Brazilian president Luiz Inacio Lula da Silva arrived in Havana the evening of Oct. 30 for a 24-hour visit after he had attended the Ibero-American Summit. He immediately met with President Raúl Castro, personally inviting the Cuban leader to the Summit of Latin America and the Caribbean on Integration and Development, to be held Dec. 16-17 in Salvador de Bahía. Lula's main official business on the island appeared to be signing a treaty for joint petroleum exploration in the Gulf of Mexico, but the larger goal was clearly to raise Brazil's profile as a trading partner with Cuba. With $450 million in trade a year, Brazil is Cuba's second most important Latin American partner, after Venezuela. This was Lula's second visit to Cuba in 2008 [see Update #931]. (La Jornada 10/31/08 from correspondent)

Improved relations between Cuba and Mexico were evident in the Oct. 19-21 visit of Cuban foreign minister Felipe Pérez Roque to Mexico City. On Oct. 20 he and Governance Secretary Juan Camilo Mouriño signed a memorandum of understanding on immigration policy; the two countries agreed to cooperate in ending the practice by which hundreds of Cubans enter Mexico illegally by sea on their way to the US [see Update #964]. On Oct. 21 Roque met with Mexican president Felipe Calderón Hinojosa and invited him to visit Cuba. Relations between the countries had been minimal starting in 2002 under Calderón's predecessor, Vicente Fox Quesada, who, like Calderón, is a member of the center-right National Action Party (PAN) and a supporter of the US. Trade between Cuba and Mexico is now up by 80% over what it was in the same period in 2007. (LJ 10/20/08, 10/21/08, 10/22/08)

*4. Haiti: Storm Victims Starve
About a dozen people reportedly died of starvation in the Baie d'Orange communal section in Belle-Anse in Haiti's Southeast department towards the end of October. Local authorities say malnutrition is a major problem in the area, which was hit by a series of storms two months ago; people are also suffering from dysentery, fevers and skin diseases. Apparently food relief failed to reach Baie d'Orange until recently because of the area's isolation, which was worsened by the storms. (AlterPresse 10/30/08)

International institutions have sent minimal aid to Haiti after the storms [see Update #964]. There is still no sign they will offer the country debt relief, or even admit that there is a problem. During a visit to Port-au-Prince on Oct. 20, World Bank president Robert Zoellick reportedly told journalists that Haiti's $1.7 billion debt was "half-forgiven" and promised "the rest of the debt" could soon be cancelled. $500 million of Haitian debt had already been cancelled, he said, according to reports. Local and international groups say that in fact none of Haiti's debt stock has been cancelled by the World Bank, and in recent weeks the World Bank has delayed debt cancellation for Haiti by six months. (AlterPresse 10/31/08)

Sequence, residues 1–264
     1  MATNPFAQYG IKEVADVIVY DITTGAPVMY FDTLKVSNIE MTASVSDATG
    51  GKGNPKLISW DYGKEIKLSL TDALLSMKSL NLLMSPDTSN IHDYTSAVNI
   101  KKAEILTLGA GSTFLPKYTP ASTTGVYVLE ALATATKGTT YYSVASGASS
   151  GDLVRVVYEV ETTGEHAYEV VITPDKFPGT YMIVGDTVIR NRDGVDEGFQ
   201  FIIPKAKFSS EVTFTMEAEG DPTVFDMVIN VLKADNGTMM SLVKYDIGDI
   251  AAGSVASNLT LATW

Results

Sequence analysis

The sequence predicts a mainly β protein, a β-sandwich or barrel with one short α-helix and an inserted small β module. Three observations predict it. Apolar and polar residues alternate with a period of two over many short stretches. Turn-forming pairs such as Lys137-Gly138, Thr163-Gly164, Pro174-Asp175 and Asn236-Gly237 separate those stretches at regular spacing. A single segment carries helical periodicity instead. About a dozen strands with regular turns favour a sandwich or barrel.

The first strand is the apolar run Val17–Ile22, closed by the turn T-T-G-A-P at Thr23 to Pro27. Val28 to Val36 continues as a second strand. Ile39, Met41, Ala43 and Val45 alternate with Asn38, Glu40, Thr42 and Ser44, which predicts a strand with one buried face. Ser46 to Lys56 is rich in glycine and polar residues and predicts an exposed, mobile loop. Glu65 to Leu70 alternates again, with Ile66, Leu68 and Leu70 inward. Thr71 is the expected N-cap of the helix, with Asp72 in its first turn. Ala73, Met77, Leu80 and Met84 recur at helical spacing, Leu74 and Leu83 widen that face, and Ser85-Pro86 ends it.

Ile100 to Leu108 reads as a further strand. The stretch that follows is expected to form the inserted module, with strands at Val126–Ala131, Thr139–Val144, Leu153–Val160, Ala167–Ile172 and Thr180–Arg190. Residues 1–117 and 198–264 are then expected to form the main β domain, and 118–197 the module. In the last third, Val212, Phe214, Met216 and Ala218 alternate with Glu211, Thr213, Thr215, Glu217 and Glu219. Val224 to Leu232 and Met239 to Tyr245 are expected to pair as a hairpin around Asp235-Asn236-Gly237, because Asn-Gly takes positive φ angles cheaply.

In other news, on Oct. 28 former rightwing paramilitary leader Emmanuel ("Toto") Constant was given a 12 to 37 year prison sentence for his role in a mortgage fraud scheme in New York state [see Update #956]. Justice Abraham Gerges of State Supreme Court in Brooklyn said schemes like the one by Constant and his associates "played a role" in "the nationwide economic meltdown and the foreclosure crisis." In asking for leniency Constant said he worked for the US Central Intelligence Agency (CIA) in Haiti from December 1991 to December 1994. (New York Times 10/29/08; Brooklyn Daily Eagle 10/28/08)

*5. Links to alternative sources on: Latin America, Chile, Uruguay, Bolivia, Peru, Colombia, Honduras, Mexico, US policy

Latin America's New Consensus

Revealed: McCain's Private Visit With Chilean Dictator Pinochet

El "Técnico" y el "Pepe": Seeking Electoral Unity in Uruguay

Bolivia boots DEA

Winds of Civil War in Bolivia: Understanding a Four-party Conflict

Multi-Layered Conflict Poses Uncertain Future for Bolivian Reforms

What did Bolivian Society Say Through the Recall Referendum?

The Bolivian Crisis, the OAS, and UNASUR

The Failure of U.S. "Democracy Promotion" in Bolivia

Militarization and the War on Drugs in Peru: Interview with Ricardo Soberón

Colombia: officers purged over "false positive" executions

Colombia's Indigenous march against President Uribe

U'wa Fight New Oil Exploration

Colombia: Uribe stands up indigenous leaders

Colombia: Where Dialogue Seems Impossible

Colombia: FARC agrees to peace dialogue

Colombia: "We Are not Subversives, and We Demand Respect"

Creation of an Urban Guerrilla

Honduras: All That Glitters Isn't Gold - A Story of Exploitation and Resistance

Hemispheric Conference against Militarization Says No to Merida Initiative, U.S. Military Bases

Mexico: federal police chief steps down in narco-scandal

Mexico: Sinaloa Cartel spies infiltrated Prosecutor General, US Embassy

Mexico: Tijuana Cartel kingpin busted

The Failure of Operation Chihuahua

Will an Obama Administration act differently towards South America?

Over 360 Latin America Experts Call on Obama to Improve U.S.-Latin American Relations

Toward a New US-Latin America Foreign Policy